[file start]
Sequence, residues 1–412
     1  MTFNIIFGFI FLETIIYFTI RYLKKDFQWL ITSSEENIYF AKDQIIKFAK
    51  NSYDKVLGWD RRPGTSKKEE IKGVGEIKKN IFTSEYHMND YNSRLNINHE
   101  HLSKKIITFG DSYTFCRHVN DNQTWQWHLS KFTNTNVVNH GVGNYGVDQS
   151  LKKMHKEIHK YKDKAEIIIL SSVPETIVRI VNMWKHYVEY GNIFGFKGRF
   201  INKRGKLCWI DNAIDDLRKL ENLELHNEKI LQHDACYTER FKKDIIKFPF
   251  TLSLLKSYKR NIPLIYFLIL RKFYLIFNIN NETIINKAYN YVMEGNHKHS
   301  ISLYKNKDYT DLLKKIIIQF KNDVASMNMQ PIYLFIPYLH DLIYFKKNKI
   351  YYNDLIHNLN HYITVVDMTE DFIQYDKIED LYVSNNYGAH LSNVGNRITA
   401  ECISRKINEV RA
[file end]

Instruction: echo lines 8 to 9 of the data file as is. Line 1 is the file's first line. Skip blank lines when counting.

   301  ISLYKNKDYT DLLKKIIIQF KNDVASMNMQ PIYLFIPYLH DLIYFKKNKI
   351  YYNDLIHNLN HYITVVDMTE DFIQYDKIED LYVSNNYGAH LSNVGNRITA